Fast & Furious 6
Director Justin Lin takes the high-speed action franchise to London, with Vin Diesel and Dwayne Johnson along for the ride
Julie Taymor directs this CGI-heavy adaptation of Shakespeare's desert island fantasy play, starring Helen Mirren, Felicity Jones and Djimon Hounsou.
Imagine you're an idealistic, corduroy-clad English teacher. It's a wet Monday night, you're slumped over a drool-encrusted pile of sub-standard essays on the Bard's last play and you begin to dream up the ultimate school Shakespeare production. Money is no object. Sky's the limit. Screw that ungrateful, philistine bunch of year 9s, they're not playing - you'll get some Hollywood talent. As if by magic, Julie Taymor, Tony-Award-winning theatre and film director, maker of 1999's barmily impressive Shakespeare adaptation, Titus, signs on to direct.
In a bid to impress the right-on History teacher you've been trying to flirt with, you suggest Helen Mirren, true English pedigree, as a staff-wielding Prosper-a. This is a genuinely inspired bit of cross-casting - bringing in a new feminist subtext and lending the added insult of medieval chauvinism to the injury of Prospero's banishment. With Taymor and Mirren on board, an A-list cast follows in their wake: up-and-coming Felicity Jones as Miranda, Djimon Hounsou as Caliban, Alan Cummings, Alfred Molina... It's all working out rather splendidly, but takes a sudden turn, as even the sweetest dreams do...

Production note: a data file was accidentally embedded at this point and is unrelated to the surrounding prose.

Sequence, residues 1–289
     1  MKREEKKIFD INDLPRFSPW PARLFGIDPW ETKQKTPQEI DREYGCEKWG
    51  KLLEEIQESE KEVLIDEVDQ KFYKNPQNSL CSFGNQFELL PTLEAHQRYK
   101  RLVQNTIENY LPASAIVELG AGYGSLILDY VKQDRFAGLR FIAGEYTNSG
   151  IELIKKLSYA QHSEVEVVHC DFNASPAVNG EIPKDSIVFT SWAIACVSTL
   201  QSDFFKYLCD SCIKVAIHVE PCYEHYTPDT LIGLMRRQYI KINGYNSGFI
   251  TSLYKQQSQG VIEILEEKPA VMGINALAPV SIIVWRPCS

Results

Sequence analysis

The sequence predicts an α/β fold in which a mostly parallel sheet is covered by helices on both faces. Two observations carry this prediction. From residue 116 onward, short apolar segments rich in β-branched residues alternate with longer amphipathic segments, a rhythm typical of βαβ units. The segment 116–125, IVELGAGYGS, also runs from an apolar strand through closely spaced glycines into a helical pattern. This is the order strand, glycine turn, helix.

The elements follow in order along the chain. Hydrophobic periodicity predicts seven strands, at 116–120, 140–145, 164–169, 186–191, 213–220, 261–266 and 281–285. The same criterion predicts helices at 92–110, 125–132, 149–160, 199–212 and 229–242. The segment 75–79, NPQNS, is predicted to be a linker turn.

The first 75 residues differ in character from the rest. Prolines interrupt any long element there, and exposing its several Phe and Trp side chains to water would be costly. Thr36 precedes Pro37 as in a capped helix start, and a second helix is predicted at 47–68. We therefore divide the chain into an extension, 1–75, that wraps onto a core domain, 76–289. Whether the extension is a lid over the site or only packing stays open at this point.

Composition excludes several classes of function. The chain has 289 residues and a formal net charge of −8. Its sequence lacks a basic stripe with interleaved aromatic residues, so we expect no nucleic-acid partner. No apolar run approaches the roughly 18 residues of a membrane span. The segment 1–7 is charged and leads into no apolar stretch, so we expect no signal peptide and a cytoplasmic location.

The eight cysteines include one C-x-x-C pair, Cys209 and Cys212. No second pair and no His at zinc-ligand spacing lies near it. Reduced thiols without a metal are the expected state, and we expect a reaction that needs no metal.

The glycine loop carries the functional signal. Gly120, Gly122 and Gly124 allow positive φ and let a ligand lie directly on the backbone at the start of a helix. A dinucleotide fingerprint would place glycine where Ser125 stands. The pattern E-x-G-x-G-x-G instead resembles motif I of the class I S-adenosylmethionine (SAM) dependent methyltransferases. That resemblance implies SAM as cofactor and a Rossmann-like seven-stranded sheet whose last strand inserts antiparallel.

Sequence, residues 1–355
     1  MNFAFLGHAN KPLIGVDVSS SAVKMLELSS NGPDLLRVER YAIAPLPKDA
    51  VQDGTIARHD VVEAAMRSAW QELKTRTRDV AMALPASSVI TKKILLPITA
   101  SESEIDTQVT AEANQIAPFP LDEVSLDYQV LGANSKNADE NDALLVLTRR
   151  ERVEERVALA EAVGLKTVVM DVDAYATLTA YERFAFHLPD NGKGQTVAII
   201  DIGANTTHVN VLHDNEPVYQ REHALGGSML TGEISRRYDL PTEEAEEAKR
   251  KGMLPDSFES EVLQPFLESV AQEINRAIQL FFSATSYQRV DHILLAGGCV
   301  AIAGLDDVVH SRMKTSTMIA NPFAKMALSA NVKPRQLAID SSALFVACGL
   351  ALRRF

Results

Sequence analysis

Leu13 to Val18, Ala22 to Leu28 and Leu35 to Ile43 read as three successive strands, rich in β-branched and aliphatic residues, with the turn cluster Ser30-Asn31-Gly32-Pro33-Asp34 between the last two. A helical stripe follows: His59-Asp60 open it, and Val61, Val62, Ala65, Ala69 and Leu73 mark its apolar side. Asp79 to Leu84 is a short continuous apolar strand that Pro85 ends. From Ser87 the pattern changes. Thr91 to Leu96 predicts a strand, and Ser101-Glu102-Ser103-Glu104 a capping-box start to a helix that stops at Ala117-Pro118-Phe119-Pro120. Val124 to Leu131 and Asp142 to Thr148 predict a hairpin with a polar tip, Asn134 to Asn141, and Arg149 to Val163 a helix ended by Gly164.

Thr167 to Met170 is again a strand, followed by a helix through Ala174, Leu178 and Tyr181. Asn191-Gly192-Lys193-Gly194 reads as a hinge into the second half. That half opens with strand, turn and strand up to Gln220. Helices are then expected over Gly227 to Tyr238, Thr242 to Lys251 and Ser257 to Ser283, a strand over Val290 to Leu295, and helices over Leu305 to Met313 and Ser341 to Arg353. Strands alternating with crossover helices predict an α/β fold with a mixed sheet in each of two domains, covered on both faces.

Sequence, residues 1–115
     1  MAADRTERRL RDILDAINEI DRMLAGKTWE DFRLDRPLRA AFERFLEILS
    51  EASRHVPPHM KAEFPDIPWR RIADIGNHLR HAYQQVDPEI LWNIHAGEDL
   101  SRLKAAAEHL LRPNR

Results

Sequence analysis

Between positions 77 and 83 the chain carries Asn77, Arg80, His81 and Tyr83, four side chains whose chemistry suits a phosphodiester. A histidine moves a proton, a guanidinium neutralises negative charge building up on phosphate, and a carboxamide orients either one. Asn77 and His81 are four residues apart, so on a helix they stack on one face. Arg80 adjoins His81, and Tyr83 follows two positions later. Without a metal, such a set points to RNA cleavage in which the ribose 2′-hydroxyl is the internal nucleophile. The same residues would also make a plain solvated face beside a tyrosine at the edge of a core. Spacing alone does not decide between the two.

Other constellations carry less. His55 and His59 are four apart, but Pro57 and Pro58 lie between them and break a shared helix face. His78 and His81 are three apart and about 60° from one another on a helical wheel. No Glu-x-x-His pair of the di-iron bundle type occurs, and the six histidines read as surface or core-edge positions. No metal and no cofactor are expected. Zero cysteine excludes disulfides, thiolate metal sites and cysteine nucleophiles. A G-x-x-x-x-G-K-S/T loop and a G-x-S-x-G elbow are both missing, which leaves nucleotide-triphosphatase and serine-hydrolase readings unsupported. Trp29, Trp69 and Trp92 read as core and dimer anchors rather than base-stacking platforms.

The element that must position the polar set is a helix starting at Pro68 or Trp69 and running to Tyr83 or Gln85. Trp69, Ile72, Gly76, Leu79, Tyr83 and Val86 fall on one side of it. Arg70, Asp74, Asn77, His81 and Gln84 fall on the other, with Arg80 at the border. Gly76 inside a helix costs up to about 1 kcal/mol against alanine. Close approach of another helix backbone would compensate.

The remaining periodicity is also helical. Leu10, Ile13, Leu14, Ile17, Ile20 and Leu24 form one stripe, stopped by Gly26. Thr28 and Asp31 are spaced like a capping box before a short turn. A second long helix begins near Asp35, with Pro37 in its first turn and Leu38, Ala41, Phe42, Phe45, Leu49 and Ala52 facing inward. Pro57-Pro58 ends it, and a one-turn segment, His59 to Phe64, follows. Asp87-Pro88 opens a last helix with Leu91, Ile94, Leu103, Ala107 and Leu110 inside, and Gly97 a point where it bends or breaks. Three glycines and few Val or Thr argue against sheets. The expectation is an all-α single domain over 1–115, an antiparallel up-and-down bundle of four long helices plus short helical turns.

Unfortunately, Julie, who's has commitments mounting the most expensive musical in history, Spiderman: Turn Off The Dark, is going to have to leave you to it. People keep getting injured on set, apparently, the press are making a meal of it... She has to rush off to Broadway. Any problems, she'll be at the end of the phone!
Not to worry, your colleague and self-professedly down-wiv-da-kidz music teacher offers to handle the soundtrack. Suddenly, your stellar cast's subtly-intoned iambic pentameter is being drowned out by what can only be described as a Goth-prog-rock interludes. Never mind, it's the eve of the dress rehearsal and you haven't even thought about costumes! The slightly deranged textiles teacher chips in, providing some zippy leather numbers for Prospera from an, er, extra-curricular production she did a while ago. Whatever else is in the drama cupboard will just have to do for the rest of the cast, and Russell Brand - hell, he can just wear his skinny jeans, as usual (he's basically playing himself, as usual).
At the last minute, another massive oversight dawns on you - you and Jools never did discuss conjuring those special effects. But the reliable old IT technician, who's been trialling some homemade CGI wizardry, is waiting in the wings... At the eleventh hour you get a call from Ben Whishaw's agent, saying he's available to play Ariel, remotely, as a singing gender-bending nymph-sprite that's somewhere between Gollum and Dobby the house-elf, intermittently with breasts. It's crazy enough that it might just work... With that, the curtains go up, you wake up and... No, there you are still, and this sub-panto nightmare really is happening in a cinema near you.
Despite the best efforts of an impressive cast, Taymor's adaptation ends up a curious mix of arse-achingly dull, and clangingly misjudged.
Suffused in a blue-grey wintry light and flecked with brown, beige and burgundy, Joel and Ethan Coen's Inside Llewyn Davis plays out in a low-key melancholy mood broken only when simmering frustration
The relentless rain means that it's increasingly hard to distinguish the ocean from the Croisette here at Cannes, but on the screen at least everything is buoyant. Three Film4 productions - Clio Barna